Announcement: there is no horror, only the genre
I haven’t had news in over seventy-two hours, and I’ve hardly “checked the internet,” so I don’t even really know what the hell is going on. Please forgive me if this post is not in time with the Space AIDS Asteroid that hit Arkansas today. For whatever human tragedy happened today, I am sorry. Just trust me. But guess which middle-school-teacher-with-metastatic-breast-cancer-in-America-during-a-pandemic-and-national-unrest will be 180 days off the sauce as of yesterday? This one. If that made you throw up in your mouth a little (did, me), then you’ll be happy to know I am celebrating 180 days sober with a PET scan bright and early on Thursday morning.
Nothing more invigorating than a good PET scan on a muggy summer morn in the desert during a pandemic.
Just like a hot bath full of radioactive shit that will probably give you another, more pernicious cancer than the one for which you are presently being treated . . .
PET scans scare the shit out of me because they feel like scientific crystal balls into which one can gaze and tell me — more or less — how long I’ve got.
You want to know that shit? I don’t.
And also, it’s super important that my smart doctors know what’s going on inside so they can help me stay well for as long as it is possible to stay well with metastatic breast cancer.
So by getting the PET scan that terrifies me on an existential human level, I am also being a responsible steward of my fucking body that just cannot seem to get it right in this life. Reader, I am trying to afford my body the same forgiveness I have been trying, in recovery, to afford my soul.
When I think about what I want to do (write, read, teach, eat) and
what I have to do (write, read, teach, eat, get PET scans, drink more water, eat less trash, take your pills and pills and pills, attend doctor after doctor after doctor appointment, wait on hold for pharmacies, wait on hold for doctors, pay bills and bills and bills, attend staff meetings, teach . . . ) the staggering gulf between the two takes my breath away.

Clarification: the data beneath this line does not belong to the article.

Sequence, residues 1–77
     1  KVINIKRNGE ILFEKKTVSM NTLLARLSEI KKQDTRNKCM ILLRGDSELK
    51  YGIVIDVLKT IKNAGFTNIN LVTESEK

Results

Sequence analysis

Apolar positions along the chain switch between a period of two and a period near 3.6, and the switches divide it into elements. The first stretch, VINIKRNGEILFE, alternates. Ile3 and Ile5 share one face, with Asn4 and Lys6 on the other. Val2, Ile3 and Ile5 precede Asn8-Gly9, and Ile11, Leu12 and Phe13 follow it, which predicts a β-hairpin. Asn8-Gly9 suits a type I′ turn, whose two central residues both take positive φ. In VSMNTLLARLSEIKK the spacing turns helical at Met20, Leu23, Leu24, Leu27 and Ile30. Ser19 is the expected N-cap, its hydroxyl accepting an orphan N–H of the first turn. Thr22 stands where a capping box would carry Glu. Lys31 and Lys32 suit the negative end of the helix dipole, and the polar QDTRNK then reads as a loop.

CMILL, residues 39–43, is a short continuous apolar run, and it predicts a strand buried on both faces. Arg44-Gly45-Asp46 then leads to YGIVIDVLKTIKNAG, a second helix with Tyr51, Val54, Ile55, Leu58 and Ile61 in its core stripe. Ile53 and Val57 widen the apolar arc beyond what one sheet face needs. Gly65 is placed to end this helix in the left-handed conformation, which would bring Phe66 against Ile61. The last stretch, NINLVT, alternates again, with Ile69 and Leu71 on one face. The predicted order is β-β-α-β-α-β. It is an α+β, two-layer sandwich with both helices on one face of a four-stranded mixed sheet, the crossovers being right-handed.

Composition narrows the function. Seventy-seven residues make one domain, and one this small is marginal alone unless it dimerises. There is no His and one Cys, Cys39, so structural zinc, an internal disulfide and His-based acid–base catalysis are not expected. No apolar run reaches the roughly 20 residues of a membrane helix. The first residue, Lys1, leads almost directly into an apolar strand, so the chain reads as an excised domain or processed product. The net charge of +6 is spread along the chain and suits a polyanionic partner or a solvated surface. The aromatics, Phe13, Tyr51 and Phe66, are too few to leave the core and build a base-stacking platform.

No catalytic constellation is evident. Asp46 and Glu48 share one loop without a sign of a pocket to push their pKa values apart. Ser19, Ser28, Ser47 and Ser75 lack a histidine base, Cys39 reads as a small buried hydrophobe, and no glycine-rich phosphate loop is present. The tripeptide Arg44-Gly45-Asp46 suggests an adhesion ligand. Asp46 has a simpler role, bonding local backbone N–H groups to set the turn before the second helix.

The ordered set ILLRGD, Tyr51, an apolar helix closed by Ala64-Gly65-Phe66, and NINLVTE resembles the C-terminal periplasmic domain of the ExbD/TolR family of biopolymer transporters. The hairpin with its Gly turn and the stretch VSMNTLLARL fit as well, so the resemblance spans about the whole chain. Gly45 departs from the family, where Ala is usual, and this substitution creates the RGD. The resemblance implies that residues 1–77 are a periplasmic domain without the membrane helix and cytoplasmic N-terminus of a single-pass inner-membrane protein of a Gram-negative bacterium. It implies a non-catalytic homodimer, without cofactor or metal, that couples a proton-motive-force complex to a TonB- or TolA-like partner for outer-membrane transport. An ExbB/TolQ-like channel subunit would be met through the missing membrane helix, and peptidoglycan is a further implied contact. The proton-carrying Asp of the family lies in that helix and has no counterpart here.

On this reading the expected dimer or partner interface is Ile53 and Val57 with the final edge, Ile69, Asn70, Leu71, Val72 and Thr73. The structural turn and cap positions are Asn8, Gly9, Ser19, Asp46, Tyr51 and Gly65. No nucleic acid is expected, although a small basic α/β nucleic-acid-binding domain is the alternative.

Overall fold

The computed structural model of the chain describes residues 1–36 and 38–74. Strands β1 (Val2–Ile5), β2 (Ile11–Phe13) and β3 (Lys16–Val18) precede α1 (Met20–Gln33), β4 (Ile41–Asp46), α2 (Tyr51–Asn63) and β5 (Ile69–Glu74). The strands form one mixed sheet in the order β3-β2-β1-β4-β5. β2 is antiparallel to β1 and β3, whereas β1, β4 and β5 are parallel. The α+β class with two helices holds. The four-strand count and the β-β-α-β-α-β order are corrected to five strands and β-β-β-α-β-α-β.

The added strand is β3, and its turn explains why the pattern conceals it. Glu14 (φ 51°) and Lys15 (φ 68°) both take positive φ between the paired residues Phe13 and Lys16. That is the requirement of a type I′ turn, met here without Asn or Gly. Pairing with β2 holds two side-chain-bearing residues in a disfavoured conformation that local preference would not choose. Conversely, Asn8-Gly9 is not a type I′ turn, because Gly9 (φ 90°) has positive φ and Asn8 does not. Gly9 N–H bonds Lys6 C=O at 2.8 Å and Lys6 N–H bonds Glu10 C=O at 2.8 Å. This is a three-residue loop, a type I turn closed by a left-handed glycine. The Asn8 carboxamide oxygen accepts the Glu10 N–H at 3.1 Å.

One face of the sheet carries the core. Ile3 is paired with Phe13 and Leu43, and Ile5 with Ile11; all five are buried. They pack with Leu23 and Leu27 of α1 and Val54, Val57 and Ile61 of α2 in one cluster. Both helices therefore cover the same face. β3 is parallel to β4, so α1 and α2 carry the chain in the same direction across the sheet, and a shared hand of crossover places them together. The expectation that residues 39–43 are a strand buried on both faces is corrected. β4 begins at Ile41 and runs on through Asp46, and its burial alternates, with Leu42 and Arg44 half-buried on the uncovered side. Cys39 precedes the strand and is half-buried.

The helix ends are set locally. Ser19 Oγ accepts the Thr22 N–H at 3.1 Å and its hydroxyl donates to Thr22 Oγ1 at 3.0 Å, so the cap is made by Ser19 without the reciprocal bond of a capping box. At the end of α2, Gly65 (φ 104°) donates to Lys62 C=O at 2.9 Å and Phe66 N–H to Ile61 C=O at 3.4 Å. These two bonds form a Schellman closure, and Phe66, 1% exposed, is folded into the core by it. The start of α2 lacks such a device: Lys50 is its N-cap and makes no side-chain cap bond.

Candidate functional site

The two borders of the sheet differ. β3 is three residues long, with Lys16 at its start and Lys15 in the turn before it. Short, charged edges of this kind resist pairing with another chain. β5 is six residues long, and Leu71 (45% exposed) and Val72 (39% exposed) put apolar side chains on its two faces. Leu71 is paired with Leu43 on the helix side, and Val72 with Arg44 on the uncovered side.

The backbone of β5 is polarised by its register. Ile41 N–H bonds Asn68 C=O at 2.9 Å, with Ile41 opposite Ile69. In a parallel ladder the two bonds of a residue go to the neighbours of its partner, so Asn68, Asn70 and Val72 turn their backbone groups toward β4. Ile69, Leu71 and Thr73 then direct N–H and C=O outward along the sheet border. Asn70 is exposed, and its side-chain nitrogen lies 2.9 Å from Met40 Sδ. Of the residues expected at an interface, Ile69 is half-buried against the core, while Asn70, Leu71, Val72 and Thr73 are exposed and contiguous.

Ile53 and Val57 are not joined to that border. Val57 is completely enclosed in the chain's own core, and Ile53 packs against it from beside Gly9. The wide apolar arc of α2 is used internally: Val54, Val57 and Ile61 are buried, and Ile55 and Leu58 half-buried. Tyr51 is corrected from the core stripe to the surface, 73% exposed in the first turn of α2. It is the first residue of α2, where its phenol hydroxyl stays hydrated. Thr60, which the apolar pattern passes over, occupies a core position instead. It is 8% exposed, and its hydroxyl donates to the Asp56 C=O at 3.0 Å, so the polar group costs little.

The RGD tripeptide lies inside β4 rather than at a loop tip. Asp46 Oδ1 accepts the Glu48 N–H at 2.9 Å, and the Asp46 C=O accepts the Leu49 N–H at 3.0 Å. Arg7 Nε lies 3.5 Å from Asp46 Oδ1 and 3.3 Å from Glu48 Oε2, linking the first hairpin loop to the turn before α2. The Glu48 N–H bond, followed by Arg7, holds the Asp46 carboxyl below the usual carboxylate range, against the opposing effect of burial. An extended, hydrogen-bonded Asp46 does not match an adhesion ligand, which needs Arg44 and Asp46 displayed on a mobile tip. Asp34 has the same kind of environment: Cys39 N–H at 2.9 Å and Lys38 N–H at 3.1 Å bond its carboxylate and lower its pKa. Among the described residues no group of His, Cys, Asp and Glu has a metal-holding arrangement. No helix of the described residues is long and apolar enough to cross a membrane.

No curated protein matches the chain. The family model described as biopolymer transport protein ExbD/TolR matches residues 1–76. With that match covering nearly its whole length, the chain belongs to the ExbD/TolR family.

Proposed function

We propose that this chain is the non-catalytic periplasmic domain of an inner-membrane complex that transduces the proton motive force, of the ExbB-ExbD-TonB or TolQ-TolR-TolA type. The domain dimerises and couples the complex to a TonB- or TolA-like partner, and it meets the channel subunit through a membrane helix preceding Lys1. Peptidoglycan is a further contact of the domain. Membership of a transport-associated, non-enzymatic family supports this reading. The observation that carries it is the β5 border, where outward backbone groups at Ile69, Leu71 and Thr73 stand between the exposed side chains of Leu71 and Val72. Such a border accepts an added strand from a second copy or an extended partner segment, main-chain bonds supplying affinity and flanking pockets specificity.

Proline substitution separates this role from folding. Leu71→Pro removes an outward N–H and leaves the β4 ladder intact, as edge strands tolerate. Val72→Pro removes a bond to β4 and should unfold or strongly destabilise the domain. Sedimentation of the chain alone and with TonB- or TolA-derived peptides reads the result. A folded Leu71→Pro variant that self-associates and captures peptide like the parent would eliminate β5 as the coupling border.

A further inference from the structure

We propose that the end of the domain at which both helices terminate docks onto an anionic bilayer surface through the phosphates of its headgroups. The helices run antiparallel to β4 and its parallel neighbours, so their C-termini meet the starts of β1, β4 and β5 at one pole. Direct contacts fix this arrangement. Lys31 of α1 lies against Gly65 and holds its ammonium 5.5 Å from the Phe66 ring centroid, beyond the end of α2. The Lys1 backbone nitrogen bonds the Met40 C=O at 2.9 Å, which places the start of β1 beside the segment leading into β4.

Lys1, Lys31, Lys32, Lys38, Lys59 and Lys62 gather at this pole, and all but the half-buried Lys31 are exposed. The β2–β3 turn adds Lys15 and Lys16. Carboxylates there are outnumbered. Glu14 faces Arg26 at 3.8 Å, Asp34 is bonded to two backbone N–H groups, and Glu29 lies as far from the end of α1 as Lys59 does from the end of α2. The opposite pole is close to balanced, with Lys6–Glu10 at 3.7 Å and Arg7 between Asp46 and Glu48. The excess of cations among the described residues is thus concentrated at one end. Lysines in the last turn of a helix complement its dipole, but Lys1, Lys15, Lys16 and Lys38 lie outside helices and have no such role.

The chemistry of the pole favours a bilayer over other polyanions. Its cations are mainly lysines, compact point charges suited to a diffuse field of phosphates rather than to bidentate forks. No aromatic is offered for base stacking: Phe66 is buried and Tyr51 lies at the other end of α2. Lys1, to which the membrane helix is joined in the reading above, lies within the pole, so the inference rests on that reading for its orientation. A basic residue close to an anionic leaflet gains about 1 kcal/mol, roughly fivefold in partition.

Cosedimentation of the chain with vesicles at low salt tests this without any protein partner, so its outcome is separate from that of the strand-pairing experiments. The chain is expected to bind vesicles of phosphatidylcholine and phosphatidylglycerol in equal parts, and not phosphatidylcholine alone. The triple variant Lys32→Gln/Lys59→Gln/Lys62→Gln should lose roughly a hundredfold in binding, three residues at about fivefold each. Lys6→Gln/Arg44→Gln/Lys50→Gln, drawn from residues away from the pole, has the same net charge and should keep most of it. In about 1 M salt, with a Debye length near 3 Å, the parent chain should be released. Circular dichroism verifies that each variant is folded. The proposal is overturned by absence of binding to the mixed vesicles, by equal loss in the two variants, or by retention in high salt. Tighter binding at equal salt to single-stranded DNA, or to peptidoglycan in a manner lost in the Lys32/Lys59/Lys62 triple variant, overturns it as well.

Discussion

American life is hard.
And some days I am so fucking scared that I don’t understand why any sane/rational person would even want to prolong their brutal little American life.
Today, I listened to my students and marveled at their connection with the Horror genre.
I took copious notes for class and just from sheer astonishment.
“Horror” is an aesthetic to them more than it is a feeling.
What does that say about us, America? I am not sure.
I’m not so sure how I feel about reading/teaching Horror in this time when I feel I have had more horror than I ever thought my heart could bear, but education is about students, and my students want Horror, and Horror they shall receive.
What’s a ghost story at this juncture? What’s a little stylized gore? Or a fake monster? I see Real Monsters everywhere in America.
“The silence,” I told Sarah tonight. “It is like a massage to my brain.”
I had not heard any silence today until I stepped into our kitchen and heard it. I mean, as much silence as you can get with all the sound of our homes and cities. You wanna hear quiet? Go into an Amish grocery store.
Trust me; you’ll understand.
(How are the Amish, by the way? Has anyone checked in on them during COVID? I forgot all about them until now.)
I’ve been away from the midwest for so long that I’ve started, less and less ironically, referring to it as my “homeland.”
I wonder some days if I’ll ever see Lake Michigan again, if I’ll ever step foot on midwestern soil again, much less the inside of an Amish grocery store.
I call Chicagoland my “homeland” because I have been separated from it by a virus, yes, but more aptly by human cruelty and indifference. I feel as though I’ve been, in the past two years, through a great many wars. I am battle fatigued, shell shocked, and I’ve maybe seen too much of the American underbelly. Maybe you feel this way, also, reader.
Maybe we’re old war buddies.
Maybe we’re comrades.
Maybe we’re prisoners of war,
or missing in action.
Sunday I spent the day in bed sick with exhaustion (and maybe cancer drugs), and at one point, unshowered, in disheveled pajamas, on my way back from the kitchen, where I complained like a child about how there was “no food I want to eat,” I shuffled past Sarah, and said, “I think I’m depressed.”
She laughed. “You think?”
I smiled a little. I didn’t want to laugh. “How could I not be depressed?”
“Exactly,” Sarah said.
For some odd reason, I think I wanted someone to tell me I was wrong for having a feeling. My feelings tend to be quite solid. Big, sloppy, ridiculous, spastic, but quite solid. Quite — as in they’re often right.
I felt like an alcoholic for approximately thirty years because I was an alcoholic for approximately thirty years, but I didn’t LIKE THAT FEELING, so when I felt it, I chose to ignore it completely.
That’s what I used to do with all of my feelings:
good feeling — keep that one, but interrogate it mercilessly,
scary feeling — kill and hide all evidence,
sad feeling — tranq dart,
confusing feeling — tranq dart,
weird feeling — tranq dart
Now I am doing this thing where I try another way:
good feeling — accept and release
scary feeling — accept and release
sad feeling — accept and release
. . . You get the drift. And of course a person’s unique psychology is far more complex than any doctrine or dogma could ever really capture.
If only my feelings were switches I could flip . . .
I fumble embarrassingly to arrive at accept
and struggle mightily with that damn release valve.
If you’re so inclined, send up a good thought or vibration to the cancer gods that I may have a most auspicious PET scan.